Sean Gabb on Multiculturalism

by Sean Gabb

Multiculturalism is part of the legitimising ideology of our present ruling class. It serves many functions, which you will find laid out in some detail in my own book Cultural Revolution, Culture War: How Conservatives Lost England, and How to Get it Back. One of the functions, however, goes like this:

1) You fill the country with strangers, who do not look like us and do not share our ways;

2) When these strangers have grown to a big enough portion of those inhabiting our territory, you announce that we are no longer a nation in the old sense, but a “community of communities;”
3) You then announce that a new kind of people needs a new kind of constitution;
4) You go ahead and produce a constitution that, beneath its headline talk about the protection of fundamental rights, leaves out all those outmoded things like freedom of speech and association, trial by jury, due process protections at common law, and the slightest chance of holding the authorities to account.

The result is the same for white and black and brown, for Christian and for Moslem – we all get stuffed forever. We are still several years from (2), but this book should be seen as part of the softening up process. Notice particularly how often the author uses the word “simplistic” to describe any critical views of his thesis. It is normally believed that facts are best explained by the smallest hypothesis – or, in other words, that simplicity is a sign of truth. This is not the case where legitimising ideologies are concerned.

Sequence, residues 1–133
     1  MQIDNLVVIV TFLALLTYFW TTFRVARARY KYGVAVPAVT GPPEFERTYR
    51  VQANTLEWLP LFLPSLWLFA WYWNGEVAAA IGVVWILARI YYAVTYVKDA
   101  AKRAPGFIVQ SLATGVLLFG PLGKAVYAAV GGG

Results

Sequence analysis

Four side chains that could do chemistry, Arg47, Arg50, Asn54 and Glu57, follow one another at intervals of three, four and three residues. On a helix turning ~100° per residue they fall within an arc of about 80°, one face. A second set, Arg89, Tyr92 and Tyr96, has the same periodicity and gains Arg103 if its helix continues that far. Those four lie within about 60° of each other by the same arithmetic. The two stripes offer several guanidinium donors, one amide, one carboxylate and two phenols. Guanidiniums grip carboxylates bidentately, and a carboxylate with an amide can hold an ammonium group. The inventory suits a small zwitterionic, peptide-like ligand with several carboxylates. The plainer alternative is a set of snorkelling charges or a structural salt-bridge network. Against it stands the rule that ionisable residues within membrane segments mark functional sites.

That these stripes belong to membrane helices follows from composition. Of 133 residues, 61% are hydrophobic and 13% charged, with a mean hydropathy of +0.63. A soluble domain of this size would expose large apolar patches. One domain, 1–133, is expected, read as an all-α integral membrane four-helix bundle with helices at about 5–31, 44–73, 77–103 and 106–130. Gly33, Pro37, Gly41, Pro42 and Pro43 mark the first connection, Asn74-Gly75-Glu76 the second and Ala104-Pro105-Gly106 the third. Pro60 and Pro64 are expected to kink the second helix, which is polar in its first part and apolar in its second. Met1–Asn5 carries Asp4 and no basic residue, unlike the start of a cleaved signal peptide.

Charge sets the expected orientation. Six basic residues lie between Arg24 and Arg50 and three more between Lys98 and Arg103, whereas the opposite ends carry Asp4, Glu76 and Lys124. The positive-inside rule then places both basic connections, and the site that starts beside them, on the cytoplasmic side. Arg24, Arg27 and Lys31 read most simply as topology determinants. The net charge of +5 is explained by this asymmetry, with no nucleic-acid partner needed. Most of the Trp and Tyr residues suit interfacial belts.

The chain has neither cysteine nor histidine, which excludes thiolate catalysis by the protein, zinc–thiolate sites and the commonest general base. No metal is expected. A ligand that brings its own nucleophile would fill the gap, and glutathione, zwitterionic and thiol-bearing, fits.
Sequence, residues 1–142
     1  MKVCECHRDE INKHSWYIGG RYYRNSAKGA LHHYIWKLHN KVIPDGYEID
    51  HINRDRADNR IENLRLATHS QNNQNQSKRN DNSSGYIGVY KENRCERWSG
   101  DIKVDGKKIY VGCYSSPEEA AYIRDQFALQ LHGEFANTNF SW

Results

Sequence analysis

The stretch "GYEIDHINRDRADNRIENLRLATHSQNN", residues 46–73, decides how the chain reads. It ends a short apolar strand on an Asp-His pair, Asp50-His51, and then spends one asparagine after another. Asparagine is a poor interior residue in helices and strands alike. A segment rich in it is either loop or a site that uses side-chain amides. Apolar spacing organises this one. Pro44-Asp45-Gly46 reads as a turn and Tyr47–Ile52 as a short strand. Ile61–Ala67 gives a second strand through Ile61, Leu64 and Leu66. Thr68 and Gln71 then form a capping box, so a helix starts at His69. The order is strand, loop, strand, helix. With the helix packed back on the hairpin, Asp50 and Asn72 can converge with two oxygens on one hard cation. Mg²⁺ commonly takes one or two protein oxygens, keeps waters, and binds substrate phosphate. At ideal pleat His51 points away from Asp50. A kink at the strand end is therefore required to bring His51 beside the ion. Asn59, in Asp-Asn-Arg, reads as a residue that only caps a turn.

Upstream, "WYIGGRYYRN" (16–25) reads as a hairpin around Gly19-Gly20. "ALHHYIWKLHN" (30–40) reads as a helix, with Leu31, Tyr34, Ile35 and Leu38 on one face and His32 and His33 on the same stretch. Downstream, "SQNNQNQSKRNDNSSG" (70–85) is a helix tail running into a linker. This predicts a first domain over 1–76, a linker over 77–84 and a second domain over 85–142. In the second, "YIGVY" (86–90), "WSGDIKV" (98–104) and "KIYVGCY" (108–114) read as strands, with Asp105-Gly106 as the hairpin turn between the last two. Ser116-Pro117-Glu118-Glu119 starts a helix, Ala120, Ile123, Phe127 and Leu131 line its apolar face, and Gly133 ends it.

I was sent this book as a review copy. I read it very carefully, so to avoid making it look used; and I am now offering it second hand on Amazon as a service to England. Anyone who buys the book from me will not be paying money to the author or publisher.

2 responses to “Sean Gabb on Multiculturalism

  1. There are other volumes in this series (Very Short Introductions, OUP) which appear to be excercises in ruling class legitimation, all written by typical right-on, lefty academics:

    Barthes; Critical Theory; Derrida; Engles; Feminism; Foucault; Freud; Human Rights; International Migration; Marx; Progressivism; Racism (also by Rattansi). etc, etc.

    And let’s not forget the volume on Ghandi by our old friend Bikku Parekh.

    Admittedly, other titles deal with less contentious subjects across the arts and sciences but given the inclusion of those mentioned above one has to question the editorial tone of the entire series. This is plainly not some new version of the excellent Home University Library series.

  2. In the olden days, you could get a wide variety of views from these standard sets. You got conservatives, liberals, socialists – even the occasional fascist. Nowadays, the only diversity you get is the colour of the writers’ faces.